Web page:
The Southern Poverty Law Center (SPLC), a “nonprofit civil rights organization dedicated to fighting hate and bigotry, and to seeking justice for the most vulnerable members of society,” counted 1,018 hate groups in the United States in 2011:
This list was compiled using hate group publications and websites, citizen and law enforcement reports, field sources and news reports.
Hate group activities can include criminal acts, marches, rallies, speeches, meetings, leafleting or publishing. Websites appearing to be merely the work of a single individual, rather than the publication of a group, are not included in this list. Listing here does not imply a group advocates or engages in violence or other criminal activity.
An interesting feature of the SPLC hate group map above includes the ability to drill down by state, identifying the names, locations, and causes of various hate groups.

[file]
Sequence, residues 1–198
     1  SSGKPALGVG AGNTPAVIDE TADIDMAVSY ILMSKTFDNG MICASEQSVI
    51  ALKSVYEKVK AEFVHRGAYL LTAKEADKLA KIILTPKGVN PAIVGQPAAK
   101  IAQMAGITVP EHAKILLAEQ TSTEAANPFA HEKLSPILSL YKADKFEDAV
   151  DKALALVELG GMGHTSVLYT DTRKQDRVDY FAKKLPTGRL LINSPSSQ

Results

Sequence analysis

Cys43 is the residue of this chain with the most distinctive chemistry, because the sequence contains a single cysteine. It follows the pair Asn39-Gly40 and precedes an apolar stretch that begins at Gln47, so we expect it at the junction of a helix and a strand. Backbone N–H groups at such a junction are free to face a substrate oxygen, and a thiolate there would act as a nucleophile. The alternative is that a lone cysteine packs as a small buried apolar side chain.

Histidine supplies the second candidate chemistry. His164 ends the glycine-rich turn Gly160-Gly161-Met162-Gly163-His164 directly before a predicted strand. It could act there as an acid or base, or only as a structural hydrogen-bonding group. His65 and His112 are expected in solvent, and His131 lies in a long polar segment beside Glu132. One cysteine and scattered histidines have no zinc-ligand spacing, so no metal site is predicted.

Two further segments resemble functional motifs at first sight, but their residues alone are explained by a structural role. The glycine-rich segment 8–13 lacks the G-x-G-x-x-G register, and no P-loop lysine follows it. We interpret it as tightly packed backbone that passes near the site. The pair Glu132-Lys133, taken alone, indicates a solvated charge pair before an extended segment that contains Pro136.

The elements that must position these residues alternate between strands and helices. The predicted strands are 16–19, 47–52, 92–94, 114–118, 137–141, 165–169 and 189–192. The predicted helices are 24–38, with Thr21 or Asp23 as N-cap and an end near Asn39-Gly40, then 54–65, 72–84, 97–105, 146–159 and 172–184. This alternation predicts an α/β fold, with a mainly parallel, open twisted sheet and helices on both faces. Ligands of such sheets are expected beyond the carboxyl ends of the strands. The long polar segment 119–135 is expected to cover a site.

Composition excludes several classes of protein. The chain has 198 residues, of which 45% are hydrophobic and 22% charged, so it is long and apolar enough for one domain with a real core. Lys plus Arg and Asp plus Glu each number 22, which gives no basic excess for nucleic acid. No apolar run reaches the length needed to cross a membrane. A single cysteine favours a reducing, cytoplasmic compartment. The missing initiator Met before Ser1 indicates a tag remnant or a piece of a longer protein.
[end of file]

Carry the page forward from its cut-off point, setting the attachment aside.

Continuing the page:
Surprisingly or not, many hate groups operate in areas of the country that have higher levels of diversity — in 2011, California lead the nation with 84 identified hate groups in this list, Georgia contained 65, and another 55 were found in Florida. Combined, New York and New Jersey totaled 84 hate groups.
Further, while the Southern Poverty Law Center qualifies that their hate group listing does not suggest that a given group is prone to acts of violence, a survey of the SPLC’s listing of hate incidents in 2011 (based largely on media reports) reveals that states with such high activity account for the largest number of hate crime incidents (California had the highest among states with 66 listings in 2011, and New York/New Jersey combined for 34 incidents).
This listings of hate crimes is far from complete, which the SPLC does acknowledge reports only a fraction. Specifically, many incidents against Sikhs that have occurred over the past few years are not listed (including the 2011 murders of Sikh men near Sacramento, California, and the mass murder by a white supremacist at the Gurdwara in Oak Creek, Wisconsin, last August). The exclusion of some of these crimes may be due to the difficulty in deeming an act as a hate crime, despite that for all intents and purposes besides legalities, they are acknowledged as such.
However, a comparison between the two lists suggests that higher numbers of hate groups correlate with higher numbers of hate crime incidents.